Release Date:
Original Release:
Focus Features
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Special Features

Extended scene; The making of Promised Land

Related Subjects

Cast & Crew

Performance Credits
Matt Damon Steve Butler
John Krasinski Dustin Noble
Frances McDormand Sue Thomason
Rosemarie DeWitt Alice
Hal Holbrook Frank Yates
Scoot McNairy Jeff Dennon
Titus Welliver Rob
Benjamin Sheeler Attendant
Terry Kinney David Churchill
Carla Bianco Waitress
Joe Coyle Michael Downey
Dorothy Silver Arlene
Lexi Cowan Drew's Girl
Tim Guinee Drew Scott
Sara Lindsey Claire Allen
Frank Conforti Coach
Garrett Ashbaugh Basketball Player
Jerico Morgan Jericho
Max Schuler Carson Allen
August G. Siciliano 5th Grader
Ken Strunk Gerry Richards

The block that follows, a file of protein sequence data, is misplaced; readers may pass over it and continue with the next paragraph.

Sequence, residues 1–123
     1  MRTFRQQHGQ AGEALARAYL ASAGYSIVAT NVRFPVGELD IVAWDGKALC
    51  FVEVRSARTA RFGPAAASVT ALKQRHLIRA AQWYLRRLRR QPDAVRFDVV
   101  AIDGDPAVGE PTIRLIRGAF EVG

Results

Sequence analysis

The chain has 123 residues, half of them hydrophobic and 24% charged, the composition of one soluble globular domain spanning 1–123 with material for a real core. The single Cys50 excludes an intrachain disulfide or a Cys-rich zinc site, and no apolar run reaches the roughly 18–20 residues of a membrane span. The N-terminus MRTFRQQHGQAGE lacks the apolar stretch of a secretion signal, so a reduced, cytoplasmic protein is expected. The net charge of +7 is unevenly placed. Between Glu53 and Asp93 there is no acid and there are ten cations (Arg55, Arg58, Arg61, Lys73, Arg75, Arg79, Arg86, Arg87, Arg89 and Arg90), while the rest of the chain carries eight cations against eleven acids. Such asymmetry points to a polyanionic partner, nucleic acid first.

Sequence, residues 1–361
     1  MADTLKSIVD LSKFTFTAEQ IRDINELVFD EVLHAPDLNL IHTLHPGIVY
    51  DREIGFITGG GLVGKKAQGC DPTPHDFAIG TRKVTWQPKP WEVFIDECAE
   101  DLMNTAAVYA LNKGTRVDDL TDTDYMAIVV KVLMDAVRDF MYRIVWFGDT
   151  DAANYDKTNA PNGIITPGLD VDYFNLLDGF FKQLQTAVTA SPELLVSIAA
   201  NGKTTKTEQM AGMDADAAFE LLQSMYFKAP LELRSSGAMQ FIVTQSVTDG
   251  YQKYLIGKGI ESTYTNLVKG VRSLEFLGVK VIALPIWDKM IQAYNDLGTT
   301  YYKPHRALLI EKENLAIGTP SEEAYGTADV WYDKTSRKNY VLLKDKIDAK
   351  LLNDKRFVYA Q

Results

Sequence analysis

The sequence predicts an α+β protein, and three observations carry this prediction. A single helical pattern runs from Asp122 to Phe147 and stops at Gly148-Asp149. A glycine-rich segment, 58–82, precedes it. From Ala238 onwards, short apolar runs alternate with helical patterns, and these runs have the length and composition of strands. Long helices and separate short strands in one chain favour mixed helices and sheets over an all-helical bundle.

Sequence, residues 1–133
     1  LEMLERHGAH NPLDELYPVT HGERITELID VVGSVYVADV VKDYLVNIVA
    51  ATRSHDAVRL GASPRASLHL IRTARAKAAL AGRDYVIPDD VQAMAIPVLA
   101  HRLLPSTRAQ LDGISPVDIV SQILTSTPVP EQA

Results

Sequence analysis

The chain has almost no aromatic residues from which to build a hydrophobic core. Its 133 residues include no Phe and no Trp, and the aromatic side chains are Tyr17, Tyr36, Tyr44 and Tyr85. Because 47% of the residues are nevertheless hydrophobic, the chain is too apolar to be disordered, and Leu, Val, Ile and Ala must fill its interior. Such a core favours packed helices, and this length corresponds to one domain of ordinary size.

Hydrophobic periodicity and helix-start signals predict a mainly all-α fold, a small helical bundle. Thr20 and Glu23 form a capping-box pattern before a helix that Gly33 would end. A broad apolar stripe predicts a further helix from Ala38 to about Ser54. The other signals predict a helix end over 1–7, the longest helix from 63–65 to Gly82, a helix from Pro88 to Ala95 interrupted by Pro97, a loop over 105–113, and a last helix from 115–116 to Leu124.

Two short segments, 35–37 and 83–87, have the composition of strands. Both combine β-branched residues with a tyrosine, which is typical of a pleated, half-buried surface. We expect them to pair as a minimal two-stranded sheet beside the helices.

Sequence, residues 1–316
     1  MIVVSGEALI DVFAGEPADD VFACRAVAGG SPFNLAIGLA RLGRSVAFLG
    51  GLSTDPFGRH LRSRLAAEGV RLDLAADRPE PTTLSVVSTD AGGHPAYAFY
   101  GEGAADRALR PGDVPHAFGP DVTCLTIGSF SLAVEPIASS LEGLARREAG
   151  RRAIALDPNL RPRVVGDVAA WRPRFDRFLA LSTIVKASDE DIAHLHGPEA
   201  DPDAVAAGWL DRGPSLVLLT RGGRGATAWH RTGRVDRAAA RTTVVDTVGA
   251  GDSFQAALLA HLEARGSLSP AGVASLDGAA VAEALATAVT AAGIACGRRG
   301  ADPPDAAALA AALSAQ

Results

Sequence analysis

Karen Baum Lynn
Gerri Bumbaugh Jesse the Bartender
Johnny Cicco Donny
Erin Baldwin Buddy's Waitress
Kristin Slaysman Gwen
Andrew Kuebel 6-year-old Boy
Matthew Ferrante Drummer
Justin Cook Guitar #1
Steven Craven Bass
Bruce Craven Guitar #2
Gene Williams Keyboard
Dan Anders Large Man
Lucas Black Paul Geary
Sandy Medred Paul's Girlfriend
Carrington E. Vaughn Colin
Cain Alexander Danny Thomason
Joy De La Paz Motel Receptionist
Lennon Wynn Kuzniar Lemonade Girl at Gym
Payton Godfrey Lemonade Girl at Fair

Technical Credits
Gus Van Sant Director,Executive Producer
Christine Beveridge Makeup
Matt Damon Producer,Screenwriter
Daniel Clancy Production Designer